Healthy skepticism encourages us to check our assumptions, recognize the limitations of our methods, and proceed thoughtfully. When skepticism and controversy about a concept or label still remains an obstacle to resolving a national health crisis, after decades of trying to getvalidation from mainstream health and science, then the validity of the theory or assumptions must be examined.
When all efforts to get society, especially the mental health and legal professionals to recognize “parental alienation” as a legitimate crisis have failed, then the problem is not on “them;" it is on us. How can we expect "them" to adopt a concept when we ourselves don't even have a common definition?
Regardless of the inherent controversy with the term “parental alienation”, it is short sighted to think that the mental health and legal professions are going to fully embrace a problem that doesn't have a clear, stable definition. Is it a dynamic? Is it a mental illness? Is it child abuse? No one, outside of our elite little PA community is going to take us seriously until we resolve the confusion about what “parental alienation” is by explaining it simply in language they already know.
A year ago, a member of the Parental Alienation Study Group (PASG), proposed a far-reaching position statement to its members for adoption. The position statement strongly supported using more widely accepted and less controversial language. The position statement recognized that the failure with "parental alienation" was more about the words than it was about the actual dysfunctional family.
Adopting this position statement (or an amended version) could have brought this international group of authors and researches in line with the largest, most powerful organizations and agencies in the United States who are working to change the outcomes for families struggling with narcissistic/borderline abuse. PASG could then network with established change agents such as; Adverse Childhood Experiences, trauma informed health and legal workers, Child Protective Services, domestic violence advocates, the National Education Association, the APA, and a plethora of others, all fighting to stop this type of horrific interpersonal trauma by a narcissistic/borderline parent.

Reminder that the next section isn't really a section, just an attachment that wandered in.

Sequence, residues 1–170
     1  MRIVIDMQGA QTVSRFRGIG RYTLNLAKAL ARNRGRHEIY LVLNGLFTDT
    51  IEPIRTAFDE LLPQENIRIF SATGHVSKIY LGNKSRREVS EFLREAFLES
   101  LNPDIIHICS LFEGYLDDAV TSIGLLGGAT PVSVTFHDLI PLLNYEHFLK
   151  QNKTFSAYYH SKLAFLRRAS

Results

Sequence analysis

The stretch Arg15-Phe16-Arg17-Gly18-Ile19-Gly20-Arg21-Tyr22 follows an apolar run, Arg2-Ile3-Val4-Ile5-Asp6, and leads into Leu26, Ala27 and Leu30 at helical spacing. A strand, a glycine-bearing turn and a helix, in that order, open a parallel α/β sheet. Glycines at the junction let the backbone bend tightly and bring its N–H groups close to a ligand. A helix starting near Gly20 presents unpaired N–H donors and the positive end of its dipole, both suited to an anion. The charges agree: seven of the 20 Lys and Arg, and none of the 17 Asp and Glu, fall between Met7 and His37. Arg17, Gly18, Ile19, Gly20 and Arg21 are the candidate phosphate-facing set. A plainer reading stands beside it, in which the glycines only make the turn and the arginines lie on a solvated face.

The biggest problem with shifting the paradigm of "parental alienation" is is that many of us are so traumatized that we can't differentiate relevant from irrelevant information. We understand and use these words so much that they have become relevant to us-- but only us.
We need to be able to communicate with the rest of our country, but we don’t have to throw the baby out with the bathwater! Simply put, “parental alienation” is not the whole enchilada, but a set of abusive strategies (or a pattern of abusive behaviors) that a narcissistic/borderline parent uses to devalue and discard the other parent from the family.
This is a subtle but significant difference. The abusive acts of a narcissistic/borderline parent abusive cannot be separated from the abuser's personality disorder or their reenactment of childhood trauma. The average parent doesn't all of the sudden become a masterful psychological manipulator and exploiter with no empathy who wants to destroy the other "targeted" parent.
Below is a diagram of the chronology of how attachment trauma impacts the development of narcissistic/borderline personality disorder and how that disorder plays out in family situations. The hallmark of these parents is that they are psychologically abusive to every member of their family and close friends. They also like to escalate conflict. Many of these families breakdown under this unrelenting stress.
Narcissistic/borderline parents internalize separation and/or divorce as acute abandonment. This stress triggers them to reenact their childhood trauma based which is based on their distorted and disorganized memories stored in a part of the brain's attachment system called the internal working model. In this reenactment, the abuser casts the targeted parent in the role of the abuser and he or she takes on the persona of the healthy or protective parent.
Reenactment never ends for the disturbed parent. He or she will always see the targeted parent as the abusive parent and engages in and escalates psychological (emotional and verbal) abusive strategies such as triangulating the child into the a cross-generational coalition against the targeted parent.
The sooner we stop calling post separation domestic violence and child psychological abuse “parental alienation”, the sooner we can engage in meaningful and effective intervention and prevention in a systemic and comprehensive public health plan.
But this is up to us.